Excerpted from WOODEN & ME: Life Lessons from My Two-Decade Friendship with the Legendary Coach and Humanitarian to Help “Make Each Day Your Masterpiece”. Author Randy Robertson describes the WOODEN & ME has an inspiring combination of Tuesdays With Morrie and Chicken Soup for the Soul”. For information on pre-ordering WOODEN & ME, please visit: Kickstarter/Wooden & Me
When I returned home from the hospital following disk fusion surgery in 2003, even walking a few steps was excruciating. It wasn’t my braced neck that caused me to wince, it was my hip; specifically the spot on my right pelvis where a bone graft was removed to surgically insert between my fifth and sixth vertebrae.
Before I was rear-ended while waiting at a red light by a drunk driver flying an estimated 65 mph on a city street, I had completed a large handful of marathons, including the Los Angeles Marathon in 2002. I was training for L.A. again that upcoming March, but that was not to be. Running 26.2 miles was now a laughable notion.
Indeed, a month after my surgery I remember making the short walk to our mailbox with my teenage daughter Dallas escorting me, lest I need someone to lean on. As we slowly made our way back up the driveway, which I should point out is sloped less than some putting greens, I said to her in total seriousness as my right hip throbbed in pain: “Geez, this is pretty steep.”
After a two-beat pause, we both laughed at the absurdity of it. I had played intercollegiate tennis, once run a sub-three-hour marathon, and only a few months previously had clocked three hours, twenty-nine minutes in a marathon on an unseasonably hot day in San Diego. And now a gently inclined driveway felt like Heartbreak Hill at mile twenty-one of the famed Boston Marathon course. I had long dreamed of running Boston, but that was now about the furthest thing from my mind. At this moment, with a limp in my shuffled step and a soft collar brace around my neck, I could not even imagine jogging around the block again.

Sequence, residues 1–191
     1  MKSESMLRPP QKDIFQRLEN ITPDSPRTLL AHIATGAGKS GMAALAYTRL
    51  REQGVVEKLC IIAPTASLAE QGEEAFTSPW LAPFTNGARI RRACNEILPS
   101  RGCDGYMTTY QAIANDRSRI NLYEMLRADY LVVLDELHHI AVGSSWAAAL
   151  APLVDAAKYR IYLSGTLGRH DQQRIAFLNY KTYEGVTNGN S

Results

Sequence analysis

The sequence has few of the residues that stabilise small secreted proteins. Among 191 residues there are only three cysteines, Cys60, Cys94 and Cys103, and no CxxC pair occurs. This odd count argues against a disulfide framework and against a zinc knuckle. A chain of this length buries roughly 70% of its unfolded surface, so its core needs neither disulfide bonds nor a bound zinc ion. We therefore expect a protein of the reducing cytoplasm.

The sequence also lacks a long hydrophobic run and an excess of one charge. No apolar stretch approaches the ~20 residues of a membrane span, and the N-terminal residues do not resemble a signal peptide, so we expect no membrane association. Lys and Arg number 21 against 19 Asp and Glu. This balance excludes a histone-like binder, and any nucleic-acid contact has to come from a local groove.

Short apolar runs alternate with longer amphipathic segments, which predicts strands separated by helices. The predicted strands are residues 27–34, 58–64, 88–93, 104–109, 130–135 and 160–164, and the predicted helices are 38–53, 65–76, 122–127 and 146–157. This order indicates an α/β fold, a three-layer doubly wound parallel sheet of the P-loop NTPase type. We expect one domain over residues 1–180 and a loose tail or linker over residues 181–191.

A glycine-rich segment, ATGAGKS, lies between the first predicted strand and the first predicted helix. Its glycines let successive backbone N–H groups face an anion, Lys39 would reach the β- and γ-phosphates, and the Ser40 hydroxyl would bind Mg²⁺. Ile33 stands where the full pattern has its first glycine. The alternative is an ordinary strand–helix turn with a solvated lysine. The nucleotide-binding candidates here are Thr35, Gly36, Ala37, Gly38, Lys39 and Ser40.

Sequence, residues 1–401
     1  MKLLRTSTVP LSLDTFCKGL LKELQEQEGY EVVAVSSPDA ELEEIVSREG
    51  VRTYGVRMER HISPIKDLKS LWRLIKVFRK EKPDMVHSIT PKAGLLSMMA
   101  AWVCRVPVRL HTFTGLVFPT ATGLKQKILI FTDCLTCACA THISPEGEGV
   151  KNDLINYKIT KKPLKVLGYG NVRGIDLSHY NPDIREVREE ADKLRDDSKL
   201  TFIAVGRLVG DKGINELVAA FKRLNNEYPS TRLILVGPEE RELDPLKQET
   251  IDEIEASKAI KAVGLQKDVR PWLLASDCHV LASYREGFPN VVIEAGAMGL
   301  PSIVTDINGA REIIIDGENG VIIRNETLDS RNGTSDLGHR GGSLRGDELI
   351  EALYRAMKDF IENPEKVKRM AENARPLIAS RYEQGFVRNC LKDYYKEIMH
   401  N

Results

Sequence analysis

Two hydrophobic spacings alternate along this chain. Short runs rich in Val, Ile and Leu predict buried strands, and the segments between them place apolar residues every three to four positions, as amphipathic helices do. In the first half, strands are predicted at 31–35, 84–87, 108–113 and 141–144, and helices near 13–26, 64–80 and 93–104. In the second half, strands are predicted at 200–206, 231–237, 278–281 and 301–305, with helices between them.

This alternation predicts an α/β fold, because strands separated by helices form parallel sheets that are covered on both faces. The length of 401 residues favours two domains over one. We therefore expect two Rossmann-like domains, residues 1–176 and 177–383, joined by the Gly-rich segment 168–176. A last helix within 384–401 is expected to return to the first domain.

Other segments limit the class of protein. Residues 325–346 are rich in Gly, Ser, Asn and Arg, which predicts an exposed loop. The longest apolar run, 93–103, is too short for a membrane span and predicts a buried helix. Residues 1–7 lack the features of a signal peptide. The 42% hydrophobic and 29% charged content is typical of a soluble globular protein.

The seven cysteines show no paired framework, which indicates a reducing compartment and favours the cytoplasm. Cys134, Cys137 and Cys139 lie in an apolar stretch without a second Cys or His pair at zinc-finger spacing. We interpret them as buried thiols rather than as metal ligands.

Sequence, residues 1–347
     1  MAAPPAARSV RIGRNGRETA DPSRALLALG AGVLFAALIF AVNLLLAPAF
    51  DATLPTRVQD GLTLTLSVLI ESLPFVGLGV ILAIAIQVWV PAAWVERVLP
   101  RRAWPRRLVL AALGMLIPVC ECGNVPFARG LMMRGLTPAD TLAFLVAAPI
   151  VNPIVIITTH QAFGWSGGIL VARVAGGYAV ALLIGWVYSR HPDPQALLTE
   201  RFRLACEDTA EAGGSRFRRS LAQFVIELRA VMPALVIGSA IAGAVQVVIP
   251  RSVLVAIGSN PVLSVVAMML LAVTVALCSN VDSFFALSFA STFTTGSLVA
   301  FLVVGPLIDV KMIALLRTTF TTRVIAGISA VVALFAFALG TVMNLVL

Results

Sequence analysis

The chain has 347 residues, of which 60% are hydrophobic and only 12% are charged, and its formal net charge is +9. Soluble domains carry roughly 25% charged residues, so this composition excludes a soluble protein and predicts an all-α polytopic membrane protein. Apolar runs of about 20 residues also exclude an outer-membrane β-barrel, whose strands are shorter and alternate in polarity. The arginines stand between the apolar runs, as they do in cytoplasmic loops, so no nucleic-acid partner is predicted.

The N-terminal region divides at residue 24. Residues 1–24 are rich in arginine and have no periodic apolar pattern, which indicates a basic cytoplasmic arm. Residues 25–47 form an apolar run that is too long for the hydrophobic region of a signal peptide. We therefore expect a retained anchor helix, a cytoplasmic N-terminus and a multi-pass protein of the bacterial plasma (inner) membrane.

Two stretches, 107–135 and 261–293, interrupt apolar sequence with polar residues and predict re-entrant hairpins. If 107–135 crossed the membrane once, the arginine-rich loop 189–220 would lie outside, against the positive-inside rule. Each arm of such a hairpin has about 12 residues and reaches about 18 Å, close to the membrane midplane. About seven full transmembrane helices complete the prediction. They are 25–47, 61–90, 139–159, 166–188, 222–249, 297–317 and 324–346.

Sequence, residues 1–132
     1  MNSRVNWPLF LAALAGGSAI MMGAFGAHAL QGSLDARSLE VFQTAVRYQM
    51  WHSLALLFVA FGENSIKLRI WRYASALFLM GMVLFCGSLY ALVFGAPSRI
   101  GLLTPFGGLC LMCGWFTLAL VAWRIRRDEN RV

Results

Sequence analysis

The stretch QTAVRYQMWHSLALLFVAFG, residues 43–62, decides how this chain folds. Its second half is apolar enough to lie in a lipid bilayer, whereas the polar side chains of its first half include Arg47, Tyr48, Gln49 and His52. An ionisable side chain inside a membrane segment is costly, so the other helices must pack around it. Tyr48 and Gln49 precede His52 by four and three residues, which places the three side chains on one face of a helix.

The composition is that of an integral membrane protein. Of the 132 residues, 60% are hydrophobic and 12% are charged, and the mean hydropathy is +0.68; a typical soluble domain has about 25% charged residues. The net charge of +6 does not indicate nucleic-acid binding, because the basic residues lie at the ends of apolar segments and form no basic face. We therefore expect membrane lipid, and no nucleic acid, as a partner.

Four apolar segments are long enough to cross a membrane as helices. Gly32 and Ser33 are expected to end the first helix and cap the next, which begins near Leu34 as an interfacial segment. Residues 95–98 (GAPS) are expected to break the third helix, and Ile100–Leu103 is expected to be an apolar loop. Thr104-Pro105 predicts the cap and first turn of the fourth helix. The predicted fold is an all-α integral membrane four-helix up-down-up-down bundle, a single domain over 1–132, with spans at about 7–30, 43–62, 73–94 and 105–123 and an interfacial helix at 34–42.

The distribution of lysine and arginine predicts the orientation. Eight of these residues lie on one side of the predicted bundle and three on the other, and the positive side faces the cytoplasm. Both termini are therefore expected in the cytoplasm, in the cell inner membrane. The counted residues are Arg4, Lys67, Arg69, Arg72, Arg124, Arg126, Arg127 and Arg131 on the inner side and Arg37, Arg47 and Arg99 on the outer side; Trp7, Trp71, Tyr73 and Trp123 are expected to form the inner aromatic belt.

But once more Coach John Wooden’s wisdom buoyed my spirits and gave me perspective: “Do not let what you cannot do interfere with what you can do.” If I could not run, I could walk – a little more, and a little less timidly, each day.
Too, I recalled a quote from Frederick Douglass that Coach had once recited to me: “If there is no struggle, there is no progress.” I struggled on daily and gradually made progress as the pain in my hip slowly subsided, then disappeared.
More importantly, the bone graft between my vertebrae fused successfully and my neurosurgeon – a marathoner himself, who understood how much I missed running – finally gave me the green light to lace up my training shoes. That very day, July 7, 2003 – a date I recall as surely as my wedding anniversary – when I returned from my doctor’s appointment, I went on my first run in more than five months. Three gingerly slow wonderful miles; an old friend back in my life again.